New Hampshire Legal Assistance

Helping to balance the scales of justice for everyone since 1971.

NHLA program for low-income debtors expands

Program for low-income debtors at Candia court to expand to Plymouth

           

Just 18 months after it began in Candia, the Periodic Payment Clinic is expanding to Plymouth, offering advice, counsel and protection to low-income debtors.

Many of New Hampshire’s poorest residents have only “protected income,” such as Social Security or aid to the disabled. But when they fall into debt, many don’t know that income is supposed to be exempt when a judge orders they pay. Some people use their protected income in an increasingly desperate attempt to pay their creditors, while attempting to feed themselves at soup kitchens and food pantries.

Using “limited appearance” procedures, attorneys at the Periodic Payment Clinic advise and sometimes represent individuals to help ensure they receive all of the federal and state protections to which they are entitled.

New Hampshire Legal Assistance established the first monthly periodic payment clinic at Candia District Division court in February 2014. Plymouth attorney Quentin Blaine, a volunteer with the New Hampshire Bar Association’s Pro Bono Referral Program who has been trained by NHLA staff at the Candia clinic, will assume the role of lead volunteer for the new Plymouth location beginning in May.

“We are thrilled to see this project grow and reach more vulnerable New Hampshire residents,” said Cheryl Steinberg, NHLA Senior Law Project director. “Our clients want to do the right thing and pay their debts. With the clinic’s help, they can do that without sacrificing their limited subsistence income.”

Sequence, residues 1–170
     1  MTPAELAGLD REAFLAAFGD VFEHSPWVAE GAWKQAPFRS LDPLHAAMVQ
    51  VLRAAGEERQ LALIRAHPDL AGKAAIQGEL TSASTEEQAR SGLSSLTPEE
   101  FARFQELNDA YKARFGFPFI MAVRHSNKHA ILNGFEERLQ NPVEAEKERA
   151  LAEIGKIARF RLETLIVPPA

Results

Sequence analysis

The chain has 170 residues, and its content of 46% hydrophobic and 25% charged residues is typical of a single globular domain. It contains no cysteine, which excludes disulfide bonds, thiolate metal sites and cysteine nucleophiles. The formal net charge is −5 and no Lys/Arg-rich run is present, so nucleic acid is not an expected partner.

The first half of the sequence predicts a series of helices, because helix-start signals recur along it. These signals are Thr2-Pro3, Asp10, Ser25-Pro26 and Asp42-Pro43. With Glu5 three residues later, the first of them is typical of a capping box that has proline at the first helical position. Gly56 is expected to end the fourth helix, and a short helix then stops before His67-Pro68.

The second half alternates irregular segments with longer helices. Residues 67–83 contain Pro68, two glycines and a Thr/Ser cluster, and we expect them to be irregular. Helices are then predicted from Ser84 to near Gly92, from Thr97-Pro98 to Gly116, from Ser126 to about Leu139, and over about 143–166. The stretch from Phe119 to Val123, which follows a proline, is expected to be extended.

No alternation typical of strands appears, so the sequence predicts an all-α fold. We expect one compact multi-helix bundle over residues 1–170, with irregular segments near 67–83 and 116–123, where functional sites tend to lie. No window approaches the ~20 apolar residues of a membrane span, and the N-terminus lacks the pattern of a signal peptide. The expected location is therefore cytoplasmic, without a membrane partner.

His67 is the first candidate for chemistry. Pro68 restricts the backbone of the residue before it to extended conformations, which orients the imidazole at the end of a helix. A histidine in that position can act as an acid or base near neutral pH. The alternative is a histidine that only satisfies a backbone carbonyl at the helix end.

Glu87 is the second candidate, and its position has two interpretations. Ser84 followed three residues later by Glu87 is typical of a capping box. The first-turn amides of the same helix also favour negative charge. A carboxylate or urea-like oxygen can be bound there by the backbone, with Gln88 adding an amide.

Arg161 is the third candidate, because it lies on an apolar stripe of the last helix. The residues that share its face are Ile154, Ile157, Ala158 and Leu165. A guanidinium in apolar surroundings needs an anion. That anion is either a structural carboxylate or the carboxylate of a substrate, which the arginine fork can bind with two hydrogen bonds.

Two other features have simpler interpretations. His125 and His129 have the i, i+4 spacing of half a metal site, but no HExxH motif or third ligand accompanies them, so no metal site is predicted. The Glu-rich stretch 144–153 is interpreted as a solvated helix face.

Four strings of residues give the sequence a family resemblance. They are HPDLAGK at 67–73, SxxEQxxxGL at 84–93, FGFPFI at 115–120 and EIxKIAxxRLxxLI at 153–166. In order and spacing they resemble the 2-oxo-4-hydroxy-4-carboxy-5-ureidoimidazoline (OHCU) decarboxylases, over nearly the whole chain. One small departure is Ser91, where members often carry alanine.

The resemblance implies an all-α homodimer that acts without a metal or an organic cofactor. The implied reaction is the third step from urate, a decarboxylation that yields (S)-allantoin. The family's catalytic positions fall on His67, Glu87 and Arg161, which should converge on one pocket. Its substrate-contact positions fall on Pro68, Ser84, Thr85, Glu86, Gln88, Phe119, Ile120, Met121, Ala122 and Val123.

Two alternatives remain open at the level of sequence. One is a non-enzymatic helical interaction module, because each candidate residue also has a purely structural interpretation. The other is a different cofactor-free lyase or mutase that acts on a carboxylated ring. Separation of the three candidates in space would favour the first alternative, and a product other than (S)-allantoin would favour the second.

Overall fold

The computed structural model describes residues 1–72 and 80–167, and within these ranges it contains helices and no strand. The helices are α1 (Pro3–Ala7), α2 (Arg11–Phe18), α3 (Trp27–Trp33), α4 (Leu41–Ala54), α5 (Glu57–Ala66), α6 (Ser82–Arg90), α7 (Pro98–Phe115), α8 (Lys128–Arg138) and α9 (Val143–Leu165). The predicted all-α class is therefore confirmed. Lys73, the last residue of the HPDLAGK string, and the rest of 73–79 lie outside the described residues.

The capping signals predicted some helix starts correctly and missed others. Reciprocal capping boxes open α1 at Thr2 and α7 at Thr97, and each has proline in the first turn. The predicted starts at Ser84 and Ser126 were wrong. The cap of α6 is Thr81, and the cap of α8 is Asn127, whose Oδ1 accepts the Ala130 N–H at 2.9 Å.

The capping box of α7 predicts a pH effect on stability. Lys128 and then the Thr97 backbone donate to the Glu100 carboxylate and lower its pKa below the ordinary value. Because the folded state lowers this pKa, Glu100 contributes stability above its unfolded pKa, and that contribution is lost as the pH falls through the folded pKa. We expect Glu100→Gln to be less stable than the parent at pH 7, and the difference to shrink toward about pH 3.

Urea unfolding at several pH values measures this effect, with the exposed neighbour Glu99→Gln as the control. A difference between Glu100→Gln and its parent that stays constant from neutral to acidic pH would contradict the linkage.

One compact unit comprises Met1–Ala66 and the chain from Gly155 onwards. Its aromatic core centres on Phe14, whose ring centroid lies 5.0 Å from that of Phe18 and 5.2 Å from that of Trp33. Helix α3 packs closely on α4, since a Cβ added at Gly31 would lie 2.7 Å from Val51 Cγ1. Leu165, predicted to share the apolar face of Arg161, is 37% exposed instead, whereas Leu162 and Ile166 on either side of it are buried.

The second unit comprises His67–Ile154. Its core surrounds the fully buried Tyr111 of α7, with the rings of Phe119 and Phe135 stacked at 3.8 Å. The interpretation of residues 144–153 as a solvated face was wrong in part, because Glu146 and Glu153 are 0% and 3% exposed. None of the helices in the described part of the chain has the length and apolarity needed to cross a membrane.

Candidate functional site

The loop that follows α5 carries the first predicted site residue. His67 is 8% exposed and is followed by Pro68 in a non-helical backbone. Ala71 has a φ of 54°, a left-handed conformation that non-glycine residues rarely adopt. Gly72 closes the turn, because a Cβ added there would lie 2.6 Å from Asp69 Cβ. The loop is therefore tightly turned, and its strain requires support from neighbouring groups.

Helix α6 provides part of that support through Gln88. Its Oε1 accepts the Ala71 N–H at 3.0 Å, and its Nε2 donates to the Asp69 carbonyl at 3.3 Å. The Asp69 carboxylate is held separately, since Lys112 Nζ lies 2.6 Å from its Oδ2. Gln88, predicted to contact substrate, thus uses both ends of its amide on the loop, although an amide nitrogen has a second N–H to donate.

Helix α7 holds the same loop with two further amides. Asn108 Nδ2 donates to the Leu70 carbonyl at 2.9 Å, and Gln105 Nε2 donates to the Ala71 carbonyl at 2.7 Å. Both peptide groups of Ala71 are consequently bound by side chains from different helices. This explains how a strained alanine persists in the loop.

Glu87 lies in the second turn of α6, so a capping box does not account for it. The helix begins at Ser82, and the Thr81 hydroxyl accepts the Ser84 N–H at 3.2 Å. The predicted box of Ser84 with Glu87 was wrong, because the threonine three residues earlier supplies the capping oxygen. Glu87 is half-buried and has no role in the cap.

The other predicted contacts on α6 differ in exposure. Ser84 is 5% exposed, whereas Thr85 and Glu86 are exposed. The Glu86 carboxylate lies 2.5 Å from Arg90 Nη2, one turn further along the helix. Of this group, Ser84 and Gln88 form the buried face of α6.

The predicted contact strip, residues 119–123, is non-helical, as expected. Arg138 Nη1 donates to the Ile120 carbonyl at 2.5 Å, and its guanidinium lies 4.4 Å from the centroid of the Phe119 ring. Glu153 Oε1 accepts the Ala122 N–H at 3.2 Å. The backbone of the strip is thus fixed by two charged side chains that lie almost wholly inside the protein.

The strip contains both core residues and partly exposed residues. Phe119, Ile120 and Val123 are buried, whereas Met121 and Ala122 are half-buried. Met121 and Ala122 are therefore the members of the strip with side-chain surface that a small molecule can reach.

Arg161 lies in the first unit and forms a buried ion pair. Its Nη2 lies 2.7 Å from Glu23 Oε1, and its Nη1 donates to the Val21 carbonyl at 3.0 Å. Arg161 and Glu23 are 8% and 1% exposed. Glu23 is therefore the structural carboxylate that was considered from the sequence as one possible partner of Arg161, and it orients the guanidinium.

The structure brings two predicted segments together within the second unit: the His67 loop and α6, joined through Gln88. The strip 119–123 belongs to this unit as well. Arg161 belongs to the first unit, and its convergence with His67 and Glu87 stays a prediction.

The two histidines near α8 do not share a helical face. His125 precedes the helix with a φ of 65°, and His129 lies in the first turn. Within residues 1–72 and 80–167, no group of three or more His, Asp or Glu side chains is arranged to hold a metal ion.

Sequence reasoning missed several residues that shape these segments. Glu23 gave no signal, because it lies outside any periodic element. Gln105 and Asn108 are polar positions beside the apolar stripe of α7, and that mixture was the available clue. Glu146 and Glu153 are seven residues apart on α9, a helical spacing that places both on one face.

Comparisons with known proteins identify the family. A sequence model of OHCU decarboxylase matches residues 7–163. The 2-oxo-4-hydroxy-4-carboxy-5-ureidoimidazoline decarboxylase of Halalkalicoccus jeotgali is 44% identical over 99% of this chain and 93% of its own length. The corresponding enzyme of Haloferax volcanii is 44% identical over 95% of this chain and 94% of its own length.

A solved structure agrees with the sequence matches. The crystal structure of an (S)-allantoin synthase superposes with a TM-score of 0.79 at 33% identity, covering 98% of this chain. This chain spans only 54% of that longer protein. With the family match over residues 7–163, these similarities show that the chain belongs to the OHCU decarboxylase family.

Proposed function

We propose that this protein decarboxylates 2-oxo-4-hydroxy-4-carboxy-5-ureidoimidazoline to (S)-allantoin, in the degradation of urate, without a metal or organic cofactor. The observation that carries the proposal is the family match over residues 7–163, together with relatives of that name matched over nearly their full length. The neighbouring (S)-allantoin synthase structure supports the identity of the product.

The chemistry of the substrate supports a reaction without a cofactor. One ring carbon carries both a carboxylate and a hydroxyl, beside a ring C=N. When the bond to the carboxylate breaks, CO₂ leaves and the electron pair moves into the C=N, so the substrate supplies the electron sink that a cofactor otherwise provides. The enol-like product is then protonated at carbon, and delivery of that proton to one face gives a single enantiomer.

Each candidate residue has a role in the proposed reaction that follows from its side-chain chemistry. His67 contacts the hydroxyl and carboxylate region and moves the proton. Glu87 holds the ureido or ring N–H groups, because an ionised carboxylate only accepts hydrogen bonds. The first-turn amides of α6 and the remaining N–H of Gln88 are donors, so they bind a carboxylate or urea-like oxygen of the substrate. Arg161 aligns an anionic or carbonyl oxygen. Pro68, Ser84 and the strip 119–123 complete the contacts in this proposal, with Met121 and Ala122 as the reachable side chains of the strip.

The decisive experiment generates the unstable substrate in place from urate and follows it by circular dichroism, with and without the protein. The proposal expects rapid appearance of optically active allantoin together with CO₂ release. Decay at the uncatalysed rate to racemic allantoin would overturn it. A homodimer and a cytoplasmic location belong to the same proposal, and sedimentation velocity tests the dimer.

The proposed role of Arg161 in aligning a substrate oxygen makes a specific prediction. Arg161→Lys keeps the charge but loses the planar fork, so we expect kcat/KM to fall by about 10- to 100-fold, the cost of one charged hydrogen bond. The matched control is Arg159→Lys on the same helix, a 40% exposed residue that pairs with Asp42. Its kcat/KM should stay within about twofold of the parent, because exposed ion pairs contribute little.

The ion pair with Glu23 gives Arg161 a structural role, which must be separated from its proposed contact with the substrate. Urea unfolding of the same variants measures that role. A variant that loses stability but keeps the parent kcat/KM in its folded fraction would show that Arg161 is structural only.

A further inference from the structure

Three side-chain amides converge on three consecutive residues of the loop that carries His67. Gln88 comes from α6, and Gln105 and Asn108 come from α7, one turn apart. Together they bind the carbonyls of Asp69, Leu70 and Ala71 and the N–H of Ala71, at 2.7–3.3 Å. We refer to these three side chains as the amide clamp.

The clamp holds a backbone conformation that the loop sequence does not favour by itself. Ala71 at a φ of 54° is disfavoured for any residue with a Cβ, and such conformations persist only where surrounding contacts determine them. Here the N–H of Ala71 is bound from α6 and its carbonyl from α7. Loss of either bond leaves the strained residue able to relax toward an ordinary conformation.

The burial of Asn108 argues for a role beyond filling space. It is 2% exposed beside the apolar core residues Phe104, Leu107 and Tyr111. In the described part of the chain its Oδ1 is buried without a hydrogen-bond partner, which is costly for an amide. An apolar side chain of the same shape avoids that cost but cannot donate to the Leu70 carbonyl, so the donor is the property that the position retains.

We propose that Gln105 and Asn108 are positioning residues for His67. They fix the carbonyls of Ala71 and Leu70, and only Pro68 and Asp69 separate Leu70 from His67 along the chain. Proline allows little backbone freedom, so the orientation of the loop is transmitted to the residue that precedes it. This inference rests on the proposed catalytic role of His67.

“Pro Bono is pleased to be involved with this important effort,” said Virginia Martin, New Hampshire Bar Association Legal Services Director. “The project provides another opportunity for lawyers to give back, in line with the strong tradition of pro bono services by private attorneys throughout New Hampshire.”

NH Circuit Court Chief Administrative Judge Edwin Kelly said he sees this project as a great way for attorneys to provide public service and help streamline the hearing process.

“Virtually all of the debtors that come before the court in periodic payment hearings are without counsel, confused about the process and unaware of the laws that are in place to protect them,” Kelly said. “This project helps balance the scales of justice for these self-represented litigants.”